Top Brush Tricks
Hello everyone and welcome to TDP Summer School! This week, Kim B and I will show you some of our favorite tips and tricks for PS. Today, we will focus on brushes. I will show you how to load them, use them in different ways, and other cool tricks. While there are a million and one ways to do the same thing in PS, we hope that these useful tidbits will be added to your arsenal!
I remember when I first got started, that PS seemed insurmountable, and feeling pretty overwhelmed by it all. I started out with Elements, and quickly moved on to CS2, then CS5, CS6 and now I'm happily ensconced in CC. While I'll never pretend to be a master of PS, I do have a few tricks up my sleeve that I hope you'll find as useful as I do.
If you've seen Kim's post, she talks about loading styles into PS. The steps for loading brushes are exactly the same, so I will skip that part and get right to the cool tricks.
Using your brushes
I'm going to show you a couple of ways to use brushes that I just love. The first one is as a mask, which is pretty straightforward but wait! You can use that mask for almost anything! The first and most common use is to stamp it on your page and clip a photo to it. Here's how I used the mask here:
Kim-B-Make-it-Count-1-copy by Cynthia, on Flickr
Don't be afraid to duplicate your brush layer, or to erase parts that you don't want to get the effect you want. You can also layer brushes to get your own unique look, or use blending modes like multiply to get the effect you desire.
Another way to use a mask, is to clip a paper to it, or even use as is in a contrasting/lighter color to highlight your photo or journaling. I used the same mask here:
Kim-B-Make-it-Count-2-copy by Cynthia, on Flickr
My other favorite brush trick is creating scatters. You can use the basic circle brush to do this (adjusting the shape dynamics and jitter - see below) , or another fun way is to grab an element from the kit you're using and turn it into a brush.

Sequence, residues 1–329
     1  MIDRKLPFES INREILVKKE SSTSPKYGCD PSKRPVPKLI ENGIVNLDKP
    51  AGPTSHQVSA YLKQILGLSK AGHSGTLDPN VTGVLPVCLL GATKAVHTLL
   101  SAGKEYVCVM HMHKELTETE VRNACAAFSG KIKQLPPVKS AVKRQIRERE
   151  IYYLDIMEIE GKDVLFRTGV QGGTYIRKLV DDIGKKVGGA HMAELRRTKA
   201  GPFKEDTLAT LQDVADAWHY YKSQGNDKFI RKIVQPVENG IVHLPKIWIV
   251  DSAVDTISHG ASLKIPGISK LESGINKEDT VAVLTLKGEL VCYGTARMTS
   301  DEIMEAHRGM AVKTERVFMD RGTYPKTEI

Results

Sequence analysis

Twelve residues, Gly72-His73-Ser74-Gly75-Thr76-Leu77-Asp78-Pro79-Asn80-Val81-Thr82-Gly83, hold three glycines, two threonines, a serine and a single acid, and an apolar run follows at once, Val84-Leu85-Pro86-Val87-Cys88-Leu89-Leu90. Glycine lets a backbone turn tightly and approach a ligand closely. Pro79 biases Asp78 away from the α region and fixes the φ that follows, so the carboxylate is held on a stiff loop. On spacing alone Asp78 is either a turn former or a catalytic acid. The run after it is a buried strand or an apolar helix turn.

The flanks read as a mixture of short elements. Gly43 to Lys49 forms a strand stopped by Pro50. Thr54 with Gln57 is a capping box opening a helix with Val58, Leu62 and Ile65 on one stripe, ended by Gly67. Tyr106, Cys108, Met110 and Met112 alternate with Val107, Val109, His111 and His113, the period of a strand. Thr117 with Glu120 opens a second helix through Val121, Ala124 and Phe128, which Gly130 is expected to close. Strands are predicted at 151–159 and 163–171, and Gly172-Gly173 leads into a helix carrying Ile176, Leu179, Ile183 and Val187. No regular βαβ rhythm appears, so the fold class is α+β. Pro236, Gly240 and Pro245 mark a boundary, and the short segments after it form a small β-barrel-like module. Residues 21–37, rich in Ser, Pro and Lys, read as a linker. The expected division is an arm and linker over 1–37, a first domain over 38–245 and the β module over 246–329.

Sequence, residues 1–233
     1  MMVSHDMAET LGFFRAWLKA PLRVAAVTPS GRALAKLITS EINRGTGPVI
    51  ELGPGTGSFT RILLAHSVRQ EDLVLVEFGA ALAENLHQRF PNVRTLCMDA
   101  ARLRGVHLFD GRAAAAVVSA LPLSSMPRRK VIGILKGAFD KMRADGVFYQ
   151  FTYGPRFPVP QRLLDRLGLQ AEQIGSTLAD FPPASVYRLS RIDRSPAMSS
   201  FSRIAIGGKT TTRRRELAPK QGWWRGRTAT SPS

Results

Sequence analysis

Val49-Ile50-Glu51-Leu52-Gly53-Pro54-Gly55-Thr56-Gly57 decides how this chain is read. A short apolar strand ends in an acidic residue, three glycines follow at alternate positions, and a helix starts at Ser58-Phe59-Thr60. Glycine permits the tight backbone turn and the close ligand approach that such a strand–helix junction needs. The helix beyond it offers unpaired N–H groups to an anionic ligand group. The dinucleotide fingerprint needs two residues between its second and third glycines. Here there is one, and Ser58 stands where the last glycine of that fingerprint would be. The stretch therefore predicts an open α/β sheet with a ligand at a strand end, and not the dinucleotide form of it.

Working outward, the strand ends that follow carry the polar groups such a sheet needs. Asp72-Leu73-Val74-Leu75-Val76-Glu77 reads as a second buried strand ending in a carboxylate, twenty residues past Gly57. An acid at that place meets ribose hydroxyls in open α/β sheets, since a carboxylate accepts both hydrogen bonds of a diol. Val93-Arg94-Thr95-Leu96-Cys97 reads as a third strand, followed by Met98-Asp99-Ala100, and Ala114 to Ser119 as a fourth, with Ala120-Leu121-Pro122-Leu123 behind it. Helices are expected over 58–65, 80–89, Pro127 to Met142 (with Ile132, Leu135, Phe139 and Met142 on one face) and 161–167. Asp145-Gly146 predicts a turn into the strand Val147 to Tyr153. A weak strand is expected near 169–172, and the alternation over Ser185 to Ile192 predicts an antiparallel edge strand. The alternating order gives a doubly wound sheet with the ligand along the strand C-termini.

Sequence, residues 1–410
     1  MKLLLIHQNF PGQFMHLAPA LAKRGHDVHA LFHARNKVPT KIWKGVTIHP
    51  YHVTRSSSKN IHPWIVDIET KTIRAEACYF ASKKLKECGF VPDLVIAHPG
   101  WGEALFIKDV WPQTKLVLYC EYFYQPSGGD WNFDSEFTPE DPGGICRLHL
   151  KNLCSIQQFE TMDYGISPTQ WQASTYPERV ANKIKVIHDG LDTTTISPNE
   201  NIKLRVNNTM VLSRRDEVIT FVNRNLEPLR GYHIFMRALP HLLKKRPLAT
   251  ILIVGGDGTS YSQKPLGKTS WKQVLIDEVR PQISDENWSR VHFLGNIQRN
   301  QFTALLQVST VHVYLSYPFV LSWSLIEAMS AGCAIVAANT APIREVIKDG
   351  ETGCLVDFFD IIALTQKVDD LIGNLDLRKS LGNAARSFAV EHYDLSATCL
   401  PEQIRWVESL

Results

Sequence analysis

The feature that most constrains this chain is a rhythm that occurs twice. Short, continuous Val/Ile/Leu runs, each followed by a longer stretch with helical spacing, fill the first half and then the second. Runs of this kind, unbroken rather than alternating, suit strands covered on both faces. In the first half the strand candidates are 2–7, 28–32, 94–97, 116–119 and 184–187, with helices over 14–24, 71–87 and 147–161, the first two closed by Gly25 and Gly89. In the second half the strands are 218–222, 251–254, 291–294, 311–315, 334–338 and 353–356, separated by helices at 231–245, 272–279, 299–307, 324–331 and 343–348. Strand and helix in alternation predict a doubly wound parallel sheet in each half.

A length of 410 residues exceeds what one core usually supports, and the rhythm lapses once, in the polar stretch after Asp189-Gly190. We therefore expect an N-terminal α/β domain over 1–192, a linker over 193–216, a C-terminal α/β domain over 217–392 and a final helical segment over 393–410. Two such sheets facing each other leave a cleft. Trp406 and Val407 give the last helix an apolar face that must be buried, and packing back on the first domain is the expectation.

Play with the percentages on the shape dynamics and scattering until you get a scatter you like. No two brush strokes will be the same, so if once you start adding your scatters you don't like them, undo and paint again until you get one you like. I used these simple scatters here and I clipped a paper to them:
Kim-B-Make-it-Count-3-copy by Cynthia, on Flickr
Now, to turn an element into a brush, first open up a new document in PS with the following characteristics: 2500x2500 pixels with a 300 PPI resolution, transparent background and grayscale. This will ensure that you have the largest brush you can make,in order to use this brush in later projects if you wish. Add the element you wish to turn into a brush and add contrast to your liking. I'm using a flower from Kim B's and Anita's Make it Count Collab. The idea of using a black and white image, is that you'll have a better understanding of what your final brush will look like. As you can see, I added a levels layer to add more blacks and definition.
Once you do that, make sure to have your layer selected and either Control-click or go to Select-Select all. Once you see the marching ants around your element, go to Edit & define Brush Preset. Name your brush and you're done!
Now that you have a fun new brush to play with, you can use it with the scatter method I explained above, or just use as is. Below, I scattered the flowers and added a subtle color to complement my page:
Kim-B-Make-it-Count-4-copy by Cynthia, on Flickr
Very cool, right?
Your assignment for today is to use any TWO (or more) Brush Techniques on your layout/creation (as in my examples above) and let us know which ones you used, but most of all, have fun playing and creating your new brushes!
Quick Links: Styles & Actions Category || Brushes & Stamps Category